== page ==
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Questions about "solidarity" according to Richard Rorty

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Gerardo
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Questions about "solidarity" according to Richard Rorty

Post by Gerardo » November 24th, 2018, 12:55 pm

I know a little about philosophy authors, but I don't have a degree on philosophy. I'm skimming around different theories in order to choose one of the main authors for my thesis proposal. One of its main aspects will be ethics.

I wonder if Rorty's "solidarity" will work in regards to what I wish to propose. I read some articles, written by others, offering an interpretation of his ideas and I skimmed his book "Contingency, Irony, and Solidarity". I wish to ask the following questions so to decide if I should take my time to read the book comprehensively or move on to another author instead.

First, I'm still not clear if "solidarity" has to do with the perspective of others being just as valuable as oneself and a departure from egocentrism or not. Is this the case?

Aside from that, I understand cruelty is a main point in regards to his concept of solidarity, but I wonder about unfairness. I'd say copying in an exam and entering a subway station without paying might not easily be understood as cruel acts, but they can add up to meaningful social problems which can generate suffering to many indirectly. Does Rorty's solidarity have to do with this kind of examples as well?

Finally, I'm not clear about what kind of narrative books promote solidarity according to Rorty. I'd say any narrative book that allows you to suspend your own reference frame, values, and emotional responses, as you get to know those of others (the characters) help promote peaceful coexistence, but I think he wasn't talking about that. Right? According to Rorty, must a narrative book have certain specifications in order to promote solidarity?

Thank you in advance.

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Re: Questions about "solidarity" according to Richard Rorty

Post by Fooloso4 » November 24th, 2018, 2:39 pm

Gerardo:
I know a little about philosophy authors, but I don't have a degree on philosophy.
How can you be writing a Phd. thesis in philosophy (I believe in an earlier draft you said it was a Phd. thesis in philosophy) only knowing a little about philosophy authors and without a degree in philosophy?
I wonder if Rorty's "solidarity" will work in regards to what I wish to propose.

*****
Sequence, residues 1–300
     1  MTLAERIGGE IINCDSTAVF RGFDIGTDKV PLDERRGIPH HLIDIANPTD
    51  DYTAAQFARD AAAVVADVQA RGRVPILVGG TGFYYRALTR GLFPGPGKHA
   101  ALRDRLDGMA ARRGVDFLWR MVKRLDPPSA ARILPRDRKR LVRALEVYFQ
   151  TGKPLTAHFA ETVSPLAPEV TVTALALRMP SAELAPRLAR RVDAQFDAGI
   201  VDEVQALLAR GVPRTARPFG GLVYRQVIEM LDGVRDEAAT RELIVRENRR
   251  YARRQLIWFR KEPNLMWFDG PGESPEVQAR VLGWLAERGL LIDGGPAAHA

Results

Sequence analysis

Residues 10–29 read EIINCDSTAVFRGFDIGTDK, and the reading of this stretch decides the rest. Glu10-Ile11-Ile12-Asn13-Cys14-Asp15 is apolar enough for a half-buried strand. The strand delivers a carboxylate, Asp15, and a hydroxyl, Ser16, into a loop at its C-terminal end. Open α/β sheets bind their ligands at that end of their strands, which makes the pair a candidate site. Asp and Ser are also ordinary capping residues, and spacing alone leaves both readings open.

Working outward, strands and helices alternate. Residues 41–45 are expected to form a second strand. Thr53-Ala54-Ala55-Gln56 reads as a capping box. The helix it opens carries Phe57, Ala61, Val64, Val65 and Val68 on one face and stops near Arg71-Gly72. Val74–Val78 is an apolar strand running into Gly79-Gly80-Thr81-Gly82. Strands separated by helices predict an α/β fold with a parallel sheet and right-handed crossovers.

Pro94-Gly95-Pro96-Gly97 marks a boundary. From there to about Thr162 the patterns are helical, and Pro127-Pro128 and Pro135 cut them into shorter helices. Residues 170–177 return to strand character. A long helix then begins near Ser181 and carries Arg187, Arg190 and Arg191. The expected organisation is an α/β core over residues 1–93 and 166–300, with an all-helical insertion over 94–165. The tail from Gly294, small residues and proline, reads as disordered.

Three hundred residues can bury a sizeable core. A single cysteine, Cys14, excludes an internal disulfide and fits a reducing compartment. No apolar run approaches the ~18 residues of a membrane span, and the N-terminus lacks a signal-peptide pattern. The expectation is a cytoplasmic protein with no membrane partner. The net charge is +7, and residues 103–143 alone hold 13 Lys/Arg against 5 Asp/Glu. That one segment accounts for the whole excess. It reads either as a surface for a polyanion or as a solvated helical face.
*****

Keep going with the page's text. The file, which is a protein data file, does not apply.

What do you wish to propose?
I wish to ask the following questions so to decide if I should take my time to read the book comprehensively or move on to another author instead.
You seem to be jumping the gun. If you are to earn an advanced degree then you are expected to do a great deal of independent research in your subject field. If you want to know what Rorty or anyone else says then you should read them carefully enough to see if they have something of value to say to you. And this leads to the question: why Rorty?

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Re: Questions about "solidarity" according to Richard Rorty

Post by Gerardo » November 24th, 2018, 4:54 pm

Thanks for your answer.

Maybe PhD isn't the correct expression, although I have heard others translate it like that. It's literally an interdisciplinary doctorate in social studies. Here we don't say PhD, PsyD, MD or anything like that, just doctorate. I'm currently just shaping the proposal to try to be admitted in the doctorate. So I'm at the very beginning of it all. If I'm accepted I know my proposal will go through many changes during the following years.

My proposal has to do with the city of Bogotá, the capital of Colombia (South America). The country is in the middle of a peace treatise with what was its strongest guerrilla, FARC, which is now a political party. Peace has become an important and shared discourse. Now, there are two sayings in the country, "don't give papaya" and "served papaya, sliced papaya". They mean don't be trusting and be opportunistic respectively. This form of being is very common in Bogota: people tend to cheat in different aspects, some situations easily end up in violence, and corruption can be very common. It has become part of the urban culture and can imply a contradiction with the shared desire for peaceful coexistence. That's why I wish to study the possibilities of community narrative art workshops, for example in theater, film, and creative writing, to offer a cultural alternative to the traditional distrust and opportunism. That's were Rorty's solidarity might come in.

I'm currently pondering about "solidarity". Before that, I pondered about alterity and otherness, empathy, Humberto Maturana's love, and even Wilhelm Dilthey's verstehen. I actually enjoy Rorty's writing and ideas. I know more about his conception of truth and ethnocentrism. I strongly agree to what he proposed about both things. I want to be practical in this moment; that's why for now I'm asking here instead of reading the whole book, but that doesn't mean I won't read it latter among other books. That's the truth :).